Dr Ali Erginay of Lariboisière Hospital in Paris, France, discusses his EURETINA presentation, "Introducing optomap® Ultra-widefield Colour Red-Green-Blue Multimodal Imaging"
This week, the 23rd annual EURETINA Congress is underway in Amsterdam, the Netherlands. Dr Ali Erginay spoke with our team about his presentation, titled "Introducing optomap® Ultra-widefield Colour Red-Green-Blue Multimodal Imaging." Here's what he had to say about the latest technology in ultra-widefield imaging.
Editor's note: This transcript has been lightly edited for clarity.
Hattie Hayes: Hi, my name is Hattie Hayes and I'm the editor of Ophthalmology Times Europe. This year, the EURETINA conference will be in Amsterdam, and today we are going to speak with Dr Ali Erginay about his presentation, "Introducing the optomap ultra-widefield red, green and blue multimodal imaging device." Dr Erginay, please go ahead and tell us about your presentation.
Dr Erginay: It's an exciting subject, because Optos is a pioneer in the ultra wide field imaging system. They used to use [only] two laser beams, red and green. So this technology is something new: they add the third color, which is blue. In the first look, the images are better, more beautiful. But the question is, of course in ophthalmology, we love images [that look] as much real as possible, compared to what we see during the examination. The question is, what's its impact? Does it change something–is it only the aesthetic, or is it giving something more for our analysis for diagnosis?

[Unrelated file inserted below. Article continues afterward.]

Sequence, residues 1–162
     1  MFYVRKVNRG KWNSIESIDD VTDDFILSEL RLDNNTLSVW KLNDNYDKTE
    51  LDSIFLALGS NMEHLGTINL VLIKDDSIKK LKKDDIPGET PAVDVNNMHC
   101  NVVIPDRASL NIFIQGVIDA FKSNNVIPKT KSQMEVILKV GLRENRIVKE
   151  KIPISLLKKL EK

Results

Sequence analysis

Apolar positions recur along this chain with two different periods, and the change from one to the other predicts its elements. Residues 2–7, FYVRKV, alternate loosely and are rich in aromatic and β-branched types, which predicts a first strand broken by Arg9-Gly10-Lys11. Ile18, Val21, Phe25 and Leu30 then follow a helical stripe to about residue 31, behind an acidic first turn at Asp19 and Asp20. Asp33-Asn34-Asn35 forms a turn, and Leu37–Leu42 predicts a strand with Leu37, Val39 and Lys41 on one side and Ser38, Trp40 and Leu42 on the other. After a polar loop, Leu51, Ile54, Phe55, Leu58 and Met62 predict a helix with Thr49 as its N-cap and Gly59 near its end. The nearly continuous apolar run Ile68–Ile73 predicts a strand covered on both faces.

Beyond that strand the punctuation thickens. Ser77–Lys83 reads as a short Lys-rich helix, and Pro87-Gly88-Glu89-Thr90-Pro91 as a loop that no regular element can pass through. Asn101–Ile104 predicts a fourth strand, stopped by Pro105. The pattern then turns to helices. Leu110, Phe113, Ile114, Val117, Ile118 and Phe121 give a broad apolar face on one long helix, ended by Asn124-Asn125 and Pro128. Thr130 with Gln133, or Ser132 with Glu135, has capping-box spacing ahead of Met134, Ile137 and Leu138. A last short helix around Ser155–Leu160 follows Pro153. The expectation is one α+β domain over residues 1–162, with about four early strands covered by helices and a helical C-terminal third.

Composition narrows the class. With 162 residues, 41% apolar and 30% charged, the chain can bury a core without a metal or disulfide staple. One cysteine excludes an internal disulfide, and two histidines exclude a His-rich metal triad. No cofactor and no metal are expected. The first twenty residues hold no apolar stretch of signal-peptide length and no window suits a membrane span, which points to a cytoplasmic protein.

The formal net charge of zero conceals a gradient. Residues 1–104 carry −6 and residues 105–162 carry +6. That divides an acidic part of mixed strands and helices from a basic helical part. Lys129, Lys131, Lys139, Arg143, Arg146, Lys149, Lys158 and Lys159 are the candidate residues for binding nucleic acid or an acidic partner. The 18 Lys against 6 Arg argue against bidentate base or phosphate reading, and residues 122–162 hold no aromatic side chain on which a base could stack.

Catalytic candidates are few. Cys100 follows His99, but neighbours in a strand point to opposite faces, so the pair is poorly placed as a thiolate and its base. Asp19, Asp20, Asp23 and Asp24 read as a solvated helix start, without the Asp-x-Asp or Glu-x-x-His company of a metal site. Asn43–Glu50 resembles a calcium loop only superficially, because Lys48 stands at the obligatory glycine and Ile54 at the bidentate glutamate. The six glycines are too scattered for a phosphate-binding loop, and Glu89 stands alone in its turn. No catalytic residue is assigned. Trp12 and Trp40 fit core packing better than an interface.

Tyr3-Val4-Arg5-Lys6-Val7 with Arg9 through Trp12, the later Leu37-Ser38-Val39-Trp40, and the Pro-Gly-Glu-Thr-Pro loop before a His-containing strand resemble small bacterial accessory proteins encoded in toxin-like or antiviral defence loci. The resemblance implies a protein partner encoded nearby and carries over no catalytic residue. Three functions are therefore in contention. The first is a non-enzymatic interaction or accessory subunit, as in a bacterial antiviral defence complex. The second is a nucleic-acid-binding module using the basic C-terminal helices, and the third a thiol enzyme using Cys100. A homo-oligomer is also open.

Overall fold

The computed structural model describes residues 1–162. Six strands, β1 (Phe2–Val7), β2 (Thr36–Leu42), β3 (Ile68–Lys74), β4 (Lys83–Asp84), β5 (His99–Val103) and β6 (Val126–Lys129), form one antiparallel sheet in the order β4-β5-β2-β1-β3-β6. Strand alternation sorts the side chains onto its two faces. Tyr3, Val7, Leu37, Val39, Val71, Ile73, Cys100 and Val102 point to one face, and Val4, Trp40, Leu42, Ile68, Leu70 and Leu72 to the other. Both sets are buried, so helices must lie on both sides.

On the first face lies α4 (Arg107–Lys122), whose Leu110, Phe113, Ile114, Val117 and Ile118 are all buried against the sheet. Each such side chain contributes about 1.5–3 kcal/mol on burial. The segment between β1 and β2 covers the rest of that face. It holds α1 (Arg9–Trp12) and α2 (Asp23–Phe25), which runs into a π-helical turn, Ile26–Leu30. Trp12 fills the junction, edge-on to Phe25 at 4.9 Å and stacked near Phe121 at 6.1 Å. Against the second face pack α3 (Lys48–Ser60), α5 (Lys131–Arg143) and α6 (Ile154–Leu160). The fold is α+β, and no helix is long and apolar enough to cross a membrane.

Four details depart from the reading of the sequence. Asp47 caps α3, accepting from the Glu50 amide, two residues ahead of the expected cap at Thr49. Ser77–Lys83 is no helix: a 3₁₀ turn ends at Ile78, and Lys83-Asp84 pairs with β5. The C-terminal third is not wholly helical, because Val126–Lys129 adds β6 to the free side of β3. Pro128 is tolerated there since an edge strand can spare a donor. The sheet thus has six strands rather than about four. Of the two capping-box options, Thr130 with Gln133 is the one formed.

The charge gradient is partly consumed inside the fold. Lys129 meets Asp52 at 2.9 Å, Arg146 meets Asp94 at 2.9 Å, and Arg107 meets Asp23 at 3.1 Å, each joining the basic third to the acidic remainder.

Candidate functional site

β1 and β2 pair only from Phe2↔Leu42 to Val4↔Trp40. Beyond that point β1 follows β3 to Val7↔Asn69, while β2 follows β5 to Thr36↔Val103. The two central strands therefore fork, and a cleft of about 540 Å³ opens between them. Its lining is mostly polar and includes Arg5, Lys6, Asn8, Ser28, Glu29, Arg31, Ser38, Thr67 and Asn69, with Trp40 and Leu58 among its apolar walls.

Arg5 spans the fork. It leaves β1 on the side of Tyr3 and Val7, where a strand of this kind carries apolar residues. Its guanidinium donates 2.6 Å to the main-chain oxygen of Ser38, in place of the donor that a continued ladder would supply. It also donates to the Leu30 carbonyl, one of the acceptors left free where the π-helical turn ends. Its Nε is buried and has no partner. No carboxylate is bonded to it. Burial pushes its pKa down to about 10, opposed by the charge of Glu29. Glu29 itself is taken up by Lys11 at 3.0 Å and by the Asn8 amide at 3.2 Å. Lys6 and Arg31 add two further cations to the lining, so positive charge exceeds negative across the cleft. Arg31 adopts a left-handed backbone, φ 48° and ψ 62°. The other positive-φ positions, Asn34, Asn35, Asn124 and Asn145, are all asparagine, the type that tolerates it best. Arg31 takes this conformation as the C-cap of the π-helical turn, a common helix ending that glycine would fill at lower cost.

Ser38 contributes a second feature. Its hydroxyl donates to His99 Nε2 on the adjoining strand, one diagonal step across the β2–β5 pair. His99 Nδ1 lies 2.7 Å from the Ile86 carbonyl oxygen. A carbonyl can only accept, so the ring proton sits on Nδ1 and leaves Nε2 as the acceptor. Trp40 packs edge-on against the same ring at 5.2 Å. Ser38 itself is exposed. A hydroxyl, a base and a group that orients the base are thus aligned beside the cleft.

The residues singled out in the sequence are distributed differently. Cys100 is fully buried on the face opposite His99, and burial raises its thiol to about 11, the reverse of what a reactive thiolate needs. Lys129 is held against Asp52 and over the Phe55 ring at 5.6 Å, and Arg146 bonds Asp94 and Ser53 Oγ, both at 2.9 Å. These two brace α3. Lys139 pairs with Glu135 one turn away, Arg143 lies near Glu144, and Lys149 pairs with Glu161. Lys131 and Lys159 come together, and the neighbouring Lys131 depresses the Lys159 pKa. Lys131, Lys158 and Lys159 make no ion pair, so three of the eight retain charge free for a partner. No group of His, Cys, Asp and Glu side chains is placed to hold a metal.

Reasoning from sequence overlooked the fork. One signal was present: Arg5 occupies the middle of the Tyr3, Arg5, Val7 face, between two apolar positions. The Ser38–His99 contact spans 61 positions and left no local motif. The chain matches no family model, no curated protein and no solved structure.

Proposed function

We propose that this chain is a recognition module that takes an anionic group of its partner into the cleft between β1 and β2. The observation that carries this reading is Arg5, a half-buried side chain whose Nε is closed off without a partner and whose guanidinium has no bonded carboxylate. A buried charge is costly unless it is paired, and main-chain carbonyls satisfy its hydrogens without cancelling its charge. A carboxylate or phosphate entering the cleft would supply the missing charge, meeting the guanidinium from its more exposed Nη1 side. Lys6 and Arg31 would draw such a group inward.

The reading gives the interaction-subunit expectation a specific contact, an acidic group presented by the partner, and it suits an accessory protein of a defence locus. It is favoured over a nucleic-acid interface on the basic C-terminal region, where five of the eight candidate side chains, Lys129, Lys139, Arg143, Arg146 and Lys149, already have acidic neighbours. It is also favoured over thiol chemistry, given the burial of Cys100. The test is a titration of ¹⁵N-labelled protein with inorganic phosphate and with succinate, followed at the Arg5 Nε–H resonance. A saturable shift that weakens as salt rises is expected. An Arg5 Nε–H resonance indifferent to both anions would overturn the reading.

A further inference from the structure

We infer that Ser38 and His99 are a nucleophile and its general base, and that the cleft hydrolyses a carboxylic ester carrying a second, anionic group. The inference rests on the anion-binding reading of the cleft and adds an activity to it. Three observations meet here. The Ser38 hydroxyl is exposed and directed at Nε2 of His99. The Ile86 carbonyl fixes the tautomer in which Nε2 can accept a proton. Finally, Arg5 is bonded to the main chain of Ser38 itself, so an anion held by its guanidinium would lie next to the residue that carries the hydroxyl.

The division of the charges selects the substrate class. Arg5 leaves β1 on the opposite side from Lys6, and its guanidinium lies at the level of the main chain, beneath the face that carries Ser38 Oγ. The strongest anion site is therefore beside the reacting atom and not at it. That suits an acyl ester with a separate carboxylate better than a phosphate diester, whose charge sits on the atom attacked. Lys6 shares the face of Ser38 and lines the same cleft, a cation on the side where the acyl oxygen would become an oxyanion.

So we had, in my hospital in Paris, Lariboisière Hospital, we had the privilege to use this camera. We were so surprised, because the quality of image is amazing. But it's not the only advantage. Also, when we look at the small lesions, lesions are more visible, very easily detectable, [inaudible]. So there are so many advantages. I mean, the images are really very good, beautiful, but they give us more information. I just want to give our experiences.
I had the possibility to to use the camera on different pathologies. High myopia, diabetic retinopathy, applications where I can look at the small lesions, even in the macula. Small lesions like EMR, [inaudible] vessels that we use, we see a lot in diabetic patients, but also far periphery, the abnormalities, the ischemic areas like diabetic retinopathy and highly myopic patients. We know that we are capable to have about 200 degree images. It's about covering 82% of the retina in less than five seconds. Even you don't have need to dilate the patient, it's an advantage, because people, especially diabetic patients, they don't want to come to the clinic because they know that if their pupils are dilated, they won't see very clear during a few hours.
This camera has the advantage to take, in one shot, in five seconds, 82% of retina in five seconds. It's great. Plus, if you place the fixation point in four directions, it can go up to 95% of retina. Can you imagine? You select [inaudible], and you see 95% of the retina. It is is amazing.
The question is not true color or not. The question is true beauty. The images are beautiful, but it gives more information, which is more important for ophthalmologists. Having three colors, as opposed to two. Able to 200 degrees with about 82 [percent]. With the panorama, with the montage, can arrive to 95% of the retina.
Hattie Hayes: What's next for this technology?
Dr Erginay: Actually, this camera takes really very close to the truth colors, color photos. The autofluorescent images are wonderful and realize a fluorescein angiogram. What's missing is ICG angiogram, but it will be available in one month.